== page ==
Competition Helps Entrepreneurs Improve Art Of Pitch

By Marco Santana
Orlando Sentinel.

Mike Mason’s 10-year-old daughter has learned a bit about valuations and investment rounds thanks to the television show “Shark Tank.” The program puts entrepreneurs in front of celebrity investors like Dallas Mavericks owner Mark Cuban in an effort to raise money.

But, in the real world, Mason says pitching a company is less about immediate gratification and more about patience.

“The reality is, you don’t get an immediate decision,” he said. “The pitch is just the start.”

Mason pitched his Orlando-based company Zentila at VenturePitch Orlando, which introduces startups to potential investors, about two years ago.

This pitch program does not create instant cash for entrepreneurs. Its value lies in providing face time with real investors as the chance to practice the art of the pitch becomes more and more important.

VenturePitch Orlando returns next month, with four companies expected to present. Organizers say entrepreneurs have told them the events are valuable.

“When you raise capital, it’s a long, rough road,” organizer Dennis Pape said. “You are making presentations as often as you can, wherever you can.”

A nationwide survey showed that Central Florida companies received nearly $62 million in investments during the second quarter of this year. Cloud-based document management company PowerDMS, for example, led with $5.3 million raised.

Experts say the repetition of a pitch can be crucial to startups trying to raise money.

Cari Coats, executive director of Rollins College’s Center for Advanced Entrepreneurship, said shows like “Shark Tank” have helped showcase just how difficult entrepreneurship can be. The trend also has helped highlight a new structure in raising money, one that formalizes pitches.

“They have become a very important, formal part of the process,” she said.

Jason Rottenberg of Orlando investment firm Arsenal Venture Partners shared some lessons about quality in pitching Tuesday at Rollins College.

During a workshop, Rottenberg warned those in attendance that pitching can be one of the most important aspects of entrepreneurship. The pitch often serves as a first impression.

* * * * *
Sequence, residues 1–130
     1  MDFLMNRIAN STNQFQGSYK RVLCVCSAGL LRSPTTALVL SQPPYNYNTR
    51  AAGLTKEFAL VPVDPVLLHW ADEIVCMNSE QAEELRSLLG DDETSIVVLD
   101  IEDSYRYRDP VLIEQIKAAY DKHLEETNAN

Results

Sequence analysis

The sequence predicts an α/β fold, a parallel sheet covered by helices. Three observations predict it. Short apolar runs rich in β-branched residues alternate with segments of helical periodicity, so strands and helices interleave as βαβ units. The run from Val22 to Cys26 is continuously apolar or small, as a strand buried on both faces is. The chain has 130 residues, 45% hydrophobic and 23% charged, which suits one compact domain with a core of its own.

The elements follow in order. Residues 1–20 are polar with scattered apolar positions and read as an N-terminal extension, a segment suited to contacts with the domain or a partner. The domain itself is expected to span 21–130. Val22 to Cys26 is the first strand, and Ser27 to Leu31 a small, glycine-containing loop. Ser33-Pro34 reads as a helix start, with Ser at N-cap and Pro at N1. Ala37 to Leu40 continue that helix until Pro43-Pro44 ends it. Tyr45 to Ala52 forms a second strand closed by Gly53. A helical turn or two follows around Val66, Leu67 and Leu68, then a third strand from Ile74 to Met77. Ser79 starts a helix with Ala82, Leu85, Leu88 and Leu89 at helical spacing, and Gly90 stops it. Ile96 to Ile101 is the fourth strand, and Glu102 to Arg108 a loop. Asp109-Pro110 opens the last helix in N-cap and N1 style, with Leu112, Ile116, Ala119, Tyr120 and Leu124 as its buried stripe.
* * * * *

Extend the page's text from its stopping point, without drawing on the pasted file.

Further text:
“We will always remember you from that first meeting, for better or for worse,” he said. “So make sure you have really, really thought about that first meeting.”

The roughly 90-minute discussion revolved around examples Rottenberg has run into during his time as a venture capitalist and served as a way to prepare the entrepreneurs for their time in front of investors.

It’s a similar process companies heading to VenturePitch will experience. Since its debut in May 2012, the quarterly event has seen 44 companies pitch. Pape says the events average about 125 attendees.

Dan McGaw of Fuelzee says he continues to attend VenturePitch because of those connections, even though prizes offered at the event fall short of competitions that offer cash.

“But it’s serving a great opportunity and gets founders prepared to raise money,” said McGaw, whose startup Fuelzee matches consumers with gas stations offering deals. “You are pitching to actual investors.”

Mason said he has mixed feelings about raising money because it can take an entrepreneur away from the important task of meeting customers.

But the benefits he has seen with Zentila, a startup that uses technology to help companies save money on meetings and events, made his attendance worth it.

“Orlando so needed an outlet for entrepreneurs to get in front of investors,” he said. “These kinds of pitch events should be a part of any entrepreneurial strategy, if they are raising money.
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